Blue-chip stocks are shares of large, established, and financially stable companies that have been around for a long time. The term "blue chip" comes from the game of poker, where a blue chip holds the highest value. On Wall Street, a blue-chip stock is usually a highly valued and well-known company with characteristics that benefit investors over the long run, such as stable cash flows and consistent dividends.
Blue-Chip Stock Stability
Most investors understand that blue-chip stocks have stable earnings. During an economic downturn, investors may turn to these perceived "safe havens" because of their steady nature. Some people believe that blue-chip companies can offer security during periods of slower growth due to their experienced executive teams combined with their ability to generate stable profits.
- The term "blue chip" comes from poker, where the blue chips hold the highest value.
- On Wall Street, blue-chip stocks are shares of large established companies with steady financials and consistent dividends.
- Since many blue chips are large familiar names, investors typically invest with confidence, believing that these stocks will be the first to rebound after a bear market.
- Consistent dividend payouts over the years can help add an element of stability to share prices as well.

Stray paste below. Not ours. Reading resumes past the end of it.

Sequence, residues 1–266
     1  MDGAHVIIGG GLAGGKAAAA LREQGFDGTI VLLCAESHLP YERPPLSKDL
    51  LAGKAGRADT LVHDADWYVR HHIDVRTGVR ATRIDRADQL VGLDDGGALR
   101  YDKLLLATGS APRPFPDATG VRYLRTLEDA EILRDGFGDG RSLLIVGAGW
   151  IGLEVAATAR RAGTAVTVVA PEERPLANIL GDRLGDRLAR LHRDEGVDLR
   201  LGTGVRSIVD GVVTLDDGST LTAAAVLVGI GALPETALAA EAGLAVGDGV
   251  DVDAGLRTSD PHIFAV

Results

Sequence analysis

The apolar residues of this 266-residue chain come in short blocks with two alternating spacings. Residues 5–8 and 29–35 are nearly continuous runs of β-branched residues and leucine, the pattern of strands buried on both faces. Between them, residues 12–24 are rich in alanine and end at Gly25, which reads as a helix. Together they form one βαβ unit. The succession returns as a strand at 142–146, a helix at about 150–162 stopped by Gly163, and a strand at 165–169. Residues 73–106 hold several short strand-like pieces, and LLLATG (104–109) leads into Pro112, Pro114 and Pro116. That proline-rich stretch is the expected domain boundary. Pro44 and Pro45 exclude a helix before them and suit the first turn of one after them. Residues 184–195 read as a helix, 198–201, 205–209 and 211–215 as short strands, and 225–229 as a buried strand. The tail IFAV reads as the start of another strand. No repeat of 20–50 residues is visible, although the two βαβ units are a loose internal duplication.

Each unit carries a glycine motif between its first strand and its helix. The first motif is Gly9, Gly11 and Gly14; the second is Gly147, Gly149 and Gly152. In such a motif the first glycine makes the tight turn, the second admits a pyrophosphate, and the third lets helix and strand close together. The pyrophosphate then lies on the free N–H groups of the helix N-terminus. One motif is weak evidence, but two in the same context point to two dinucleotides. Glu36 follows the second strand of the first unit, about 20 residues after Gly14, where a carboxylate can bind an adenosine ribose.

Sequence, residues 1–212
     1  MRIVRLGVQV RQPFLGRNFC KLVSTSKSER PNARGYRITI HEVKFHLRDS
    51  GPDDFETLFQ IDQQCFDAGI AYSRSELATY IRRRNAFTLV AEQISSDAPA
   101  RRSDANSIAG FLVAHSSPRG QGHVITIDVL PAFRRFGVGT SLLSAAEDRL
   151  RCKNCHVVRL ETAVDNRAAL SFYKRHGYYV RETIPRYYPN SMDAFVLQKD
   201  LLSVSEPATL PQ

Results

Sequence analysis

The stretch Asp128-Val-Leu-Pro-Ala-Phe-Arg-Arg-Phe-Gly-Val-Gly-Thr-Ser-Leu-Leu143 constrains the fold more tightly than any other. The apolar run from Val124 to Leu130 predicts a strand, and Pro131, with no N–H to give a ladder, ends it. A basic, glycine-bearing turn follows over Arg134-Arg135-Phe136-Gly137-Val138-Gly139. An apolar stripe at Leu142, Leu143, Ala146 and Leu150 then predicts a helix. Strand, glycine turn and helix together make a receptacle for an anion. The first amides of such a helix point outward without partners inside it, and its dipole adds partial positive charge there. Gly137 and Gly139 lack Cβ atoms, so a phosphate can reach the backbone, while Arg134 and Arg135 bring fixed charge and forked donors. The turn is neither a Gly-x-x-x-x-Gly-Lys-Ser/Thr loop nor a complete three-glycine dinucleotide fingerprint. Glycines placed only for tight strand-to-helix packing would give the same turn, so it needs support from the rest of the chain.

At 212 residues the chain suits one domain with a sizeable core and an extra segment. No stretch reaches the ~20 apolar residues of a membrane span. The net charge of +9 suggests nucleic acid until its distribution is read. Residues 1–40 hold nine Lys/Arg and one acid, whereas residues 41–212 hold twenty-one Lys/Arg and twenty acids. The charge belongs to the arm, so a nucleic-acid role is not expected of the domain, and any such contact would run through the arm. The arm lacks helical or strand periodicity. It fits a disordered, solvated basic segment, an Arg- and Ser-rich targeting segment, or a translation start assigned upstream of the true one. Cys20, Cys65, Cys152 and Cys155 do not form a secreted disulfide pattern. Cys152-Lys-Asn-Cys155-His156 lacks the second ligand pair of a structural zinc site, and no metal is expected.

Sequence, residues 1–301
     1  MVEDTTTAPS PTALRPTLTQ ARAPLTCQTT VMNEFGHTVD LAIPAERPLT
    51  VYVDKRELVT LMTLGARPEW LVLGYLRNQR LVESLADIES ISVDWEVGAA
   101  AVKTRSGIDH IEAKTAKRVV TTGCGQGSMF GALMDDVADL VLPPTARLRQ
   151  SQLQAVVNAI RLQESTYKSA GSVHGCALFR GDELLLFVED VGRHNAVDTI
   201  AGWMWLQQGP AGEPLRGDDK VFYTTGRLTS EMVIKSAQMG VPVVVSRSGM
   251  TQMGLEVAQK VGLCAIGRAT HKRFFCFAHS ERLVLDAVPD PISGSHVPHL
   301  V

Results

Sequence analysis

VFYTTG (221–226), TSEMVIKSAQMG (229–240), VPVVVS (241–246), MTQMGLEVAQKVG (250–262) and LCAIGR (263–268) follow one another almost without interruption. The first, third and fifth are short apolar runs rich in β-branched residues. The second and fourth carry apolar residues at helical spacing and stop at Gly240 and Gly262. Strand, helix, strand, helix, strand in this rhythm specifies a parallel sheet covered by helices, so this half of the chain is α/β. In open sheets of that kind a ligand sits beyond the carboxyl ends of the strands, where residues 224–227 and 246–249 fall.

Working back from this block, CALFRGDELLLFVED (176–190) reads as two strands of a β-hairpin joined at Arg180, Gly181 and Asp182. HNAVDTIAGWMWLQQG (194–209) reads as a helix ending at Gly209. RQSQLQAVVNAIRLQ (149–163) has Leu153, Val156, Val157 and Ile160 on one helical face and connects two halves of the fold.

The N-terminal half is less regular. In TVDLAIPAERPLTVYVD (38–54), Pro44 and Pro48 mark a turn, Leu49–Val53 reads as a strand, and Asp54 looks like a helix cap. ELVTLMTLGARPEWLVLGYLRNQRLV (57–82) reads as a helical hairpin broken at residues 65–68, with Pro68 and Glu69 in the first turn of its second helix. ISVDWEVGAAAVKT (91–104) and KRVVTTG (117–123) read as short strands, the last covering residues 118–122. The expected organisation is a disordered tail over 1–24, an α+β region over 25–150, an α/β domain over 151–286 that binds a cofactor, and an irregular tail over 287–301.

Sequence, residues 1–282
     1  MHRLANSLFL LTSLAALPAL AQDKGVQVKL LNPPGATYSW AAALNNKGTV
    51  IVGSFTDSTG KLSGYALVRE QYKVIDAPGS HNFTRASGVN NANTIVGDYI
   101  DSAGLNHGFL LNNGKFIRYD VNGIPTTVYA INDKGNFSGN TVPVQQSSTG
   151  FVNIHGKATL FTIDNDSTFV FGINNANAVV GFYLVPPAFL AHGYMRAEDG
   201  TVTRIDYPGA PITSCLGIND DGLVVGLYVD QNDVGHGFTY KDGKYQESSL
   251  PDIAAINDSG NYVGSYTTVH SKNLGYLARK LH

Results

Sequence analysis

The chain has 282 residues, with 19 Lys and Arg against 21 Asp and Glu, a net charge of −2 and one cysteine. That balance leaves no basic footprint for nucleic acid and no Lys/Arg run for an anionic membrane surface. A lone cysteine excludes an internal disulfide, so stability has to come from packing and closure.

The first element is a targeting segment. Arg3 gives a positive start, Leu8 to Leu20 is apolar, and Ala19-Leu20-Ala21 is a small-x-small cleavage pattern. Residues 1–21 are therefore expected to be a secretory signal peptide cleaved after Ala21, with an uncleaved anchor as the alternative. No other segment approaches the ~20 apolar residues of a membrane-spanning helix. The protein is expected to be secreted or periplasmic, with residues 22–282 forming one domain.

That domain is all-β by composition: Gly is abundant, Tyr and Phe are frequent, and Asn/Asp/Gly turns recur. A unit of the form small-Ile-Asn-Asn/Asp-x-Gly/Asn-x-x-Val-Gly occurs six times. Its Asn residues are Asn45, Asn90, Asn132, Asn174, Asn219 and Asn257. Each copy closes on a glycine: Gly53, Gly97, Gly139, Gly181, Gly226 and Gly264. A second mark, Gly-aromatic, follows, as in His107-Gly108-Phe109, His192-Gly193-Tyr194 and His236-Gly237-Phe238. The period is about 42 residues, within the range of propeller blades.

A blue-chip stock is typically large in size (with a market capitalization in the billions) and a leader in its sector or industry. The company is usually a familiar and easily recognizable name, which gives investors a sense of added confidence when adding the stock to their portfolios. That's because, if stocks fall into a bear market, these well-established popular names will likely be among the first to recover. There is little risk that they will go out of business during an economic downturn.
Blue-Chips and Dividends
Since blue-chip shares are typically mature companies that have achieved large market caps, most pay dividends. Dividends represent a portion of the company's profits that are distributed to shareholders in the form of quarterly payments. Smaller companies that are growing fast typically retain all of their earnings in order to invest in future growth. These growth stocks may eventually pay dividends once they are of sufficient size and begin to see fewer opportunities to invest in themselves. At that point, they begin distributing excess earnings to their shareholders. Until then, a fast-growing or young company is not likely to pay any dividends.
A blue-chip stock, on the other hand, has seen increased and uninterrupted dividends over time. In the long run, the benefit to the shareholder from the dividend payments is portfolio income, regardless of the daily swings in the share price. Dividend payments can also help to protect against the adverse effects of inflation because dividends represent earnings, which can increase along with the general cost of living.
The Bottom Line
Blue-chip stocks typically have solid balance sheets, steady cash flows, proven business models, and a history of increasing dividends. For that reason, investors generally consider blue-chip stocks to be among the most secure stock investments because of their track records and performance history. So, while blue-chips are not immune from losses if the broader stock market enters a bearish phase, the idea is that these names will be less volatile than smaller growth companies and will also be the first to rebound when the market eventually recovers.